You see them at every jazz fete, in every jazz club or concert - a small group of fans who're unswervingly devoted to the music.
They are undaunted by rising prices for tickets and liquor and unfazed by shifting tastes for fusion and hybrid jazz.
They're not always found in the most expensive seats. But they're there - cheering their favorite artists, comparing notes with fellow listeners.
Some of these fans like Staffan Rosenburg concentrate on cheeking out the nightclub scene. Others like Douglas Moore (not the District city councilman) focus on collecting records and memorabilia. Another type is Ted Shell, a Duke Elligton Society member, who says his 600 78-rmp single records and 250 albums make up the largest Elligton disc collection west of the Hudson River. And there are people like Art Cromwell and David Giles, who're in the clubs and record shops regularly.
But few fans are like Morrison Hansborough. He's Practically an omnipresent listener. Percussionist Max Roach saw Hansborough at Blues Alley and exclaimed: "This guy follows me around!" Trumpeter Clark Terry says, "I'm never surprised to see him (Hansborough) anywhere."
Hansborough, a retired barber who worked in a shop in the U.S. Capitol for 17 years, digs festivals most of all. He went to the first Newport Jazz Festival in 1954 and has been to every one since all 24 of them. He's also attended the last 10 Monterey Jazz Festivals. And he is planning to attend the Newport Festival in June.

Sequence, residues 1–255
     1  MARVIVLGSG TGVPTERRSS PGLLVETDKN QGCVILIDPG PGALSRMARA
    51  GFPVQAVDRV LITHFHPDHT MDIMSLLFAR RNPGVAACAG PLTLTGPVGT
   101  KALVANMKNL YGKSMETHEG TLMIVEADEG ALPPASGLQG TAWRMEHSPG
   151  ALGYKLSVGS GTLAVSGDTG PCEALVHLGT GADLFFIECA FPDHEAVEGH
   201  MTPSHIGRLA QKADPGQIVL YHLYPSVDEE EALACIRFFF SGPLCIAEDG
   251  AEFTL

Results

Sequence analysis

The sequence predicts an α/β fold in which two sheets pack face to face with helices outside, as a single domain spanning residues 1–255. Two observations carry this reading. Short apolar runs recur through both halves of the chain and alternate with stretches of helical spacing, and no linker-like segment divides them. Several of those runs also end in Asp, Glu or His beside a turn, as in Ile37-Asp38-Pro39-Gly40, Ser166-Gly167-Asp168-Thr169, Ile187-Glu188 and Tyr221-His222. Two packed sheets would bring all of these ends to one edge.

Hansborough, whose grey-flecked beard, beret and dark glasses give him the look of a mellowed hipster, explains: "In the last 20 years festivals have been my thing. I don't get enough music at clubs. I'd like to see somebody put on a midwinter festival. It would help keep my ears sharp and get my neck muscles in shape."
He's been in the jazz life for most of his 54 years. "I was a real young kid when I started listening," he recalls. "Music seemed to do something for me. Music makes me feel free. The more you listen to it, the more you get into it. When Newport used to last only four days, I'd came back here so high - and I don't mean on smoke or liquor - that I'd have to go to New York to hear some more music."
Hansborough has a pocketful of stories about his heroes. He remembers Charlie Parker entering a dance hall in New york and another musician throwing an alto saxophone to him. Parker caught it and entranced the crowd by immediately playing a couple of hard-driving choruses.